As an old-school Destiny player, and somebody who cleared “King’s Fall” a number of times in its original iteration, I’m pleased to see Oryx (or at least his corpse) making a cameo appearance. But even this little hit of nostalgia isn’t enough to make up for the punishing slog of the two boss encounters in this dungeon. I understand there was an outcry (mostly from streamers) along the lines of “These are too easy! We want harder challenges!” But Bungie’s attempt to cater to those voices (which are distinctly in the minority) went way too far. Hopefully the upcoming reprised raid, Crota’s End (and its loot), will be a step in the right direction.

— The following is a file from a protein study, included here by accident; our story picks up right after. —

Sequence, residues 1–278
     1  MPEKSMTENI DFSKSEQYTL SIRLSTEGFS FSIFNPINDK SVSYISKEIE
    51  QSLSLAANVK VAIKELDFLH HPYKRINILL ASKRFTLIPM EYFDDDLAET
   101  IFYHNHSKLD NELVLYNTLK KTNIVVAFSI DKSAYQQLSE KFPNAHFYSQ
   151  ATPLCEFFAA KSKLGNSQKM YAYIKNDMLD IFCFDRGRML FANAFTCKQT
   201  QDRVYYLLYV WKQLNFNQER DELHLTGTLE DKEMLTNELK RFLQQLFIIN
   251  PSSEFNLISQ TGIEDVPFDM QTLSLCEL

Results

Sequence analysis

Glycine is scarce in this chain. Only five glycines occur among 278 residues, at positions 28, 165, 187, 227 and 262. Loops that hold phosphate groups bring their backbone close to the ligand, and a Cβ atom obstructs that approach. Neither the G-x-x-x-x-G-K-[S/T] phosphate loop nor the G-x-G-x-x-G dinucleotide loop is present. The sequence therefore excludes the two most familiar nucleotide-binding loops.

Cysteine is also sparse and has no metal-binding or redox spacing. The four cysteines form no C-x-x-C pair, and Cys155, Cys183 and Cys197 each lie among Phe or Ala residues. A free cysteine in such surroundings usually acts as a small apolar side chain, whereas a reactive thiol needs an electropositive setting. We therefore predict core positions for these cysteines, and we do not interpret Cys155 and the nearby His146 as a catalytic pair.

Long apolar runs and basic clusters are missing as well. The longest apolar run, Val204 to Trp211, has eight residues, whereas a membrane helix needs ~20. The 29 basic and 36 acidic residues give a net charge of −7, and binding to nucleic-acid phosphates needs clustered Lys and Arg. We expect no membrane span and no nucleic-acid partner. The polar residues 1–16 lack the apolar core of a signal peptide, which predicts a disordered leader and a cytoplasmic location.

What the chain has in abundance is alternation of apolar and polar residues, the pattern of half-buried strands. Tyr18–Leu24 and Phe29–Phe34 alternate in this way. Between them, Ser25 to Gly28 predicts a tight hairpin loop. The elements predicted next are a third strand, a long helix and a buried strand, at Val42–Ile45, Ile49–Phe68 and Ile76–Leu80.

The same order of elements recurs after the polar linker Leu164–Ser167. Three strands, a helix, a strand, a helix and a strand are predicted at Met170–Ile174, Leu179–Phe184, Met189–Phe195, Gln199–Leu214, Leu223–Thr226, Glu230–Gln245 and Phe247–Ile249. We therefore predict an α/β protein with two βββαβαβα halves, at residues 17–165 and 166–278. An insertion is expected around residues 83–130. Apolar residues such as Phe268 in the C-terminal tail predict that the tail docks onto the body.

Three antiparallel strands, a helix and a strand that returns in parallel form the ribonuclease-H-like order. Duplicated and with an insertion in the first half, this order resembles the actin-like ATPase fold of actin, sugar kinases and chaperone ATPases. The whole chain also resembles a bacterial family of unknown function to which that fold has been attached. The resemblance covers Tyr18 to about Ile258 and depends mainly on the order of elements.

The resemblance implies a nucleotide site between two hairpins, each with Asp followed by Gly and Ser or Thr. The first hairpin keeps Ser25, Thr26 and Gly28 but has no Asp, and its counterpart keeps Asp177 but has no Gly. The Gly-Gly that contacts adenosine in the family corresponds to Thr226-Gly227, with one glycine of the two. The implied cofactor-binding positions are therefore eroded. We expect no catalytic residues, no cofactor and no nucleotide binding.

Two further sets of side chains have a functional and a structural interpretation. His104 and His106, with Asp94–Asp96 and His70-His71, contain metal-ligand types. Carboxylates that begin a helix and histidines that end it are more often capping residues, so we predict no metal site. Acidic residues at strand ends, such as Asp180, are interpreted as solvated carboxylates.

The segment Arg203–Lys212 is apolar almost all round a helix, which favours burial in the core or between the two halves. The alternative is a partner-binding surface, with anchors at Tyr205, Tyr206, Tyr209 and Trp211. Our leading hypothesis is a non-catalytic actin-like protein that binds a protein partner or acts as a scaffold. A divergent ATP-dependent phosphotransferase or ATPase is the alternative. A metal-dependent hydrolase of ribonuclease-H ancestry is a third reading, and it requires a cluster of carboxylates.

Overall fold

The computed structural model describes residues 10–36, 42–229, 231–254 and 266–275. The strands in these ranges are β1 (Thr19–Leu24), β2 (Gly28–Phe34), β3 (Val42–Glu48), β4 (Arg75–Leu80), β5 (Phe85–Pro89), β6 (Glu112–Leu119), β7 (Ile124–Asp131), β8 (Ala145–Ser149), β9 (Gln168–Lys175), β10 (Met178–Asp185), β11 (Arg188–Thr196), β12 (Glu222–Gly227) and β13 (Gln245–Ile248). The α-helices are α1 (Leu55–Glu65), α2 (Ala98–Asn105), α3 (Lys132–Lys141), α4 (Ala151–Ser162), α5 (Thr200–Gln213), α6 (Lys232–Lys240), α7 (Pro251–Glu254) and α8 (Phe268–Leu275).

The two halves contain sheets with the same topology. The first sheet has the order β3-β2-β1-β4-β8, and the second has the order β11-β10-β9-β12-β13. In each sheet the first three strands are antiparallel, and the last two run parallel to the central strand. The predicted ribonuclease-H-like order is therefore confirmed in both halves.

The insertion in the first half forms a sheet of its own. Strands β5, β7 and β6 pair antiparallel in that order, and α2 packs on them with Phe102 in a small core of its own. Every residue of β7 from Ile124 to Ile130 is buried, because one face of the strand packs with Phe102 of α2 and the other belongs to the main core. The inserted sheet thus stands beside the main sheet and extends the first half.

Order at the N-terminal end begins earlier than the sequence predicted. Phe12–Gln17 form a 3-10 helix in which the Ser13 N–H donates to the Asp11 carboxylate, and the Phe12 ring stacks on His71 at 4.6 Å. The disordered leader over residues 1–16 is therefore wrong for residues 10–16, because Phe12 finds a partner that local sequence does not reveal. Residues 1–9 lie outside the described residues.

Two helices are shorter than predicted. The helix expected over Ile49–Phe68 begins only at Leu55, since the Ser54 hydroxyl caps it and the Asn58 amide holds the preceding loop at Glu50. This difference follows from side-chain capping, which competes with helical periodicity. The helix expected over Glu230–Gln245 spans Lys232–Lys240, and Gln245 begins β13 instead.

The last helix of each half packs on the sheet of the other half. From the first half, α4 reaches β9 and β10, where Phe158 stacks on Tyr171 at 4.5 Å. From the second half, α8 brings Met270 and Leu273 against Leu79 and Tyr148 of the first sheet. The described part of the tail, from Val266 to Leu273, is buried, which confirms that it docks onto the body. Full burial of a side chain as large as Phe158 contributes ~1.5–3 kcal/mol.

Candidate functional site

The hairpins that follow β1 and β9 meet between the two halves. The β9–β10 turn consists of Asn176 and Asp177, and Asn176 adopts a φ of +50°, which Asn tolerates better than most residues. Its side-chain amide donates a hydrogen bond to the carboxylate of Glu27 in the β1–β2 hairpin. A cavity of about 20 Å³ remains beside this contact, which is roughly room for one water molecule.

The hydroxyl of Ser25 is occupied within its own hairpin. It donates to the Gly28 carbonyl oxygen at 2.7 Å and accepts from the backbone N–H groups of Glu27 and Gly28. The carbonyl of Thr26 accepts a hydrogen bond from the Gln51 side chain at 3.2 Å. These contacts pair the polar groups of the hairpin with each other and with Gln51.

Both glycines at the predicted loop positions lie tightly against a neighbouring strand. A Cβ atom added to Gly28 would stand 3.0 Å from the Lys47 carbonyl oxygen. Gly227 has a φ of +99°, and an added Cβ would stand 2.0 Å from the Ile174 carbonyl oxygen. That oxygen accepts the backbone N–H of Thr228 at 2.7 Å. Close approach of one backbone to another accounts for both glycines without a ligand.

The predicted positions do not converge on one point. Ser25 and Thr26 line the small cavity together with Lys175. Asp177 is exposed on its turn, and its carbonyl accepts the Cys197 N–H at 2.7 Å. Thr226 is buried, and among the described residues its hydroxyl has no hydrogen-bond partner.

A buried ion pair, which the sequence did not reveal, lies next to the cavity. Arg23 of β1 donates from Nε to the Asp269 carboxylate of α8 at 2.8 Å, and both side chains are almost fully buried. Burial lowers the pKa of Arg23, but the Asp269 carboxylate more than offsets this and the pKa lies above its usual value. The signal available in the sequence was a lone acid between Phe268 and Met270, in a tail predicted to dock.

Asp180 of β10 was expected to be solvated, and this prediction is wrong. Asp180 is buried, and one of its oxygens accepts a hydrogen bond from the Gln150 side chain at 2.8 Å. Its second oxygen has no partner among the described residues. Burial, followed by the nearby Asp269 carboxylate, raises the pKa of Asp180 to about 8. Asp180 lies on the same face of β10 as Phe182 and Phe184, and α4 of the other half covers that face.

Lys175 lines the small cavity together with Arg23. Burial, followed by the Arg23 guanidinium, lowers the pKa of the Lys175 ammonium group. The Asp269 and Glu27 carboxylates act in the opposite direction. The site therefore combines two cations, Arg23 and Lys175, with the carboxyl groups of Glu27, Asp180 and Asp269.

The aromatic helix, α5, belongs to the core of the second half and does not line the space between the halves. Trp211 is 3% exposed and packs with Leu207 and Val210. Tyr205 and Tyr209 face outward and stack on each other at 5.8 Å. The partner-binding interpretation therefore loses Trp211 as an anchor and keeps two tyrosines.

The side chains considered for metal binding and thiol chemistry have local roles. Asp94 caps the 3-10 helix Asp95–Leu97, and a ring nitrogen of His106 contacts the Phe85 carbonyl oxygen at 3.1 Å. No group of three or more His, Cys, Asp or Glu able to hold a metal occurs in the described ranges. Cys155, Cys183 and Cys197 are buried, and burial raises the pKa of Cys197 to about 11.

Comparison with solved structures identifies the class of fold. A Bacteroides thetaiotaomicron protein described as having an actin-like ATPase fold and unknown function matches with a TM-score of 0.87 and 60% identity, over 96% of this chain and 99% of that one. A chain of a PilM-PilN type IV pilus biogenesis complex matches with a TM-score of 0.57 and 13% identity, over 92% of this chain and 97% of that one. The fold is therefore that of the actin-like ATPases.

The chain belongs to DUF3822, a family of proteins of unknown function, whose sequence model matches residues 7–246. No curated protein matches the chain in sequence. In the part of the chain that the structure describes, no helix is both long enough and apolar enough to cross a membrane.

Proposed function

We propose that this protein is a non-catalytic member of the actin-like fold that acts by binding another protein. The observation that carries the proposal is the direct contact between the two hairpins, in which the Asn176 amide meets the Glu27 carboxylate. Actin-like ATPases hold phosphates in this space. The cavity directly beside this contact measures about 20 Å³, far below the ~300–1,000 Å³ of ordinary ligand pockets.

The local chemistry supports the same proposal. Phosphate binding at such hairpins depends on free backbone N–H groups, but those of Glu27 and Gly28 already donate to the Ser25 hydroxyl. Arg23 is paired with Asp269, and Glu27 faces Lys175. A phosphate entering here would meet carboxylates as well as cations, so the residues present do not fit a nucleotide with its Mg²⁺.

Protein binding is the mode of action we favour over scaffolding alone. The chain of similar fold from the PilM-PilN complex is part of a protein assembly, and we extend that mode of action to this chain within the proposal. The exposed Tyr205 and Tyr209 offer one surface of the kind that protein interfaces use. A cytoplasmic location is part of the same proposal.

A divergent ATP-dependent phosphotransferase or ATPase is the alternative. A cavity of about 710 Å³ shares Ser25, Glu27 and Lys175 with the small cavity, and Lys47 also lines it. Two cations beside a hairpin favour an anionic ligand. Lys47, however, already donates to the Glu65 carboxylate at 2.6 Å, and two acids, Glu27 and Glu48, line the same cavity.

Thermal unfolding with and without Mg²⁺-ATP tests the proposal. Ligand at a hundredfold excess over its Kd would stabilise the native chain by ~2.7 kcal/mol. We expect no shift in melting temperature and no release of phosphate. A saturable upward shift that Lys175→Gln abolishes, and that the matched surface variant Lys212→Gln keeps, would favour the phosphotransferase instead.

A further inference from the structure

If one had to sum up “Season of The Deep,” the first word to come to mind perversely is “shallow.” Compared to the writing and activities on “Season of The Seraph” (which really did hit me as probably the high point of writing in Destiny 2 since launch), Season 21 felt like it was trying to coast on nostalgia. I can accept that not every season can be an absolute blast every time. But this was barely any fun for any length of time. It didn’t inspire. It didn’t lay any serious groundwork, narratively speaking, for what’s to come. Instead, Bungie decided to torture their players for no reason other than the fact they could. I kept waiting for it to get good, and when the storyline reached its conclusion, I felt considerably less incentive to play further. Whether Bungie can turn things around in Season 22 or not is a giant question mark, but I’m not hopeful about the likely answer.